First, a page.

How well is your organisation doing in sustainability? That depends on whether you are an employee, a next-generation leader who directly reports to the C-suite, or a member of the C-suite. The lower down in the organisational structure you are, the less likely you are to believe that your organisation's sustainability performance is good, according to the findings of a new global study by Russell Reynolds Associates.
Released last week, the study, 'Divides and Dividends: Leadership Actions for a More Sustainable Future', examines the state of sustainability within organisations as measured by respondents' perception of areas such as how seriously an organisation is taking climate change, how good their sustainability practices are, or even whether the organisation has a sustainability strategy at all. The findings illustrate a perception gap that increased at every level. C-suite leaders think the organisation is doing better than next-generation leaders, whose estimate is still much more rosy than that of employees.
For example, 79% of C-suite leaders but only 54% of employees say the environmental practices of their company are on par with industry best practices. And 73% of leaders but only 48% of employees say that their organizations place the same importance on sustainability as they do on profits.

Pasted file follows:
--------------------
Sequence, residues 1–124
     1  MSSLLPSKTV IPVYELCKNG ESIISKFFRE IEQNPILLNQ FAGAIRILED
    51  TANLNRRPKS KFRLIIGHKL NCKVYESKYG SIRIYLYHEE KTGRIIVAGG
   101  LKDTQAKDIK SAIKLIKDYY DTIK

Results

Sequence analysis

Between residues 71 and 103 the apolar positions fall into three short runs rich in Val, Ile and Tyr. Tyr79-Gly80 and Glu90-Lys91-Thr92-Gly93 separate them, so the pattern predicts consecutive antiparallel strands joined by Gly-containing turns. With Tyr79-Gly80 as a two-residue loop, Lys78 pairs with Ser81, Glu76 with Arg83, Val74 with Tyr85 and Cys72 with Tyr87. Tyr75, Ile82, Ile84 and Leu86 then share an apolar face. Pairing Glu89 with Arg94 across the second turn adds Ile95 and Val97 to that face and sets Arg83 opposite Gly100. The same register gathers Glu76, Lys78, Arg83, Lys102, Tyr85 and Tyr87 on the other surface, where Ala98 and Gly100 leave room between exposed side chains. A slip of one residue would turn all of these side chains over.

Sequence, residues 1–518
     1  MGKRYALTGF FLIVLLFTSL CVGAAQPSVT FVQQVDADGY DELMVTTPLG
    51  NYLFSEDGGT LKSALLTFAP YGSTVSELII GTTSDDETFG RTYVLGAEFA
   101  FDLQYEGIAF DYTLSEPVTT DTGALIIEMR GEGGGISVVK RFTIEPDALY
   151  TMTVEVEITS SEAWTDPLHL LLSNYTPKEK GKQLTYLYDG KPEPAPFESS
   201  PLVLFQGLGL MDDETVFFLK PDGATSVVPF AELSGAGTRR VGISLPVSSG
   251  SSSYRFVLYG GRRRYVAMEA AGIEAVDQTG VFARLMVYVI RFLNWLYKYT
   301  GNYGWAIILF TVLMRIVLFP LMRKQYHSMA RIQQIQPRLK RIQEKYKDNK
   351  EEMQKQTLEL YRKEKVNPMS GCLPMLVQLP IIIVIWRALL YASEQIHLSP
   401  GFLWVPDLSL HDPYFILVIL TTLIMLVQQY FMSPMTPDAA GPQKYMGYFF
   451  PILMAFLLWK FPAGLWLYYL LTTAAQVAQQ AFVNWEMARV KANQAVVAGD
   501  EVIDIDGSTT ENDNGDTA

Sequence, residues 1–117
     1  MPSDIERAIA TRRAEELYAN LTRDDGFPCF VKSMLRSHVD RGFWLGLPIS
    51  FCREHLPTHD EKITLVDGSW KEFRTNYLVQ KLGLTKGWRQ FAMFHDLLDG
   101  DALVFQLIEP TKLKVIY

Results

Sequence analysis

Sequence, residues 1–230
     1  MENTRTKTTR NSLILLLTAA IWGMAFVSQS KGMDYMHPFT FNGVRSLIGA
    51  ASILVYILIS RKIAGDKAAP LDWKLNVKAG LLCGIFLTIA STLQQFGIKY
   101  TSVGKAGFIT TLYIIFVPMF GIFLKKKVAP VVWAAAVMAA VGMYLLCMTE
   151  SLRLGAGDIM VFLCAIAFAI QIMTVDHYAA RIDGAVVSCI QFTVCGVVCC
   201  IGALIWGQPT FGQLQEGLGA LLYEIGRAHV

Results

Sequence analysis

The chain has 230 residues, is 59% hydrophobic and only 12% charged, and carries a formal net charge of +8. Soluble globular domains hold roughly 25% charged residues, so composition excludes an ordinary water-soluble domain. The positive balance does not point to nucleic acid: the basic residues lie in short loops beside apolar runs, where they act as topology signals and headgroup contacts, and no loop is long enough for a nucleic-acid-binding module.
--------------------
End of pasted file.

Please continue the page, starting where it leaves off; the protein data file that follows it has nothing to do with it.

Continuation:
Why is this the case? The report describes this as the 'Say-Do Divide' - when what CEOs say they do is markedly different from what employees see them do. Only 37% of C-suite leaders say leadership in their organisation leads by example, and the number drops to 31% for employees.
On the other hand, some of the report's other findings also suggest that exposure to the organisation's pro-sustainability activities play a role. For example, employees are less likely to have job responsibilities that involve improving the organisation's social and environmental outcomes, meaning that they have less opportunity to see what is being done at all.
Interestingly, the perception gap is reversed in the area of D&I, Employees are noticeably less likely than leaders to believe there is bias or favouritism in the organisation, possibly because they benefit from high-visibility initiatives such as training, workshops, business resource groups, or policies to make teams inclusive. C-suite leaders, on the other hand, are much more likely to believe that there is bias in hiring and promotion, which the report attributes to them having a broader view of the organisation as a whole.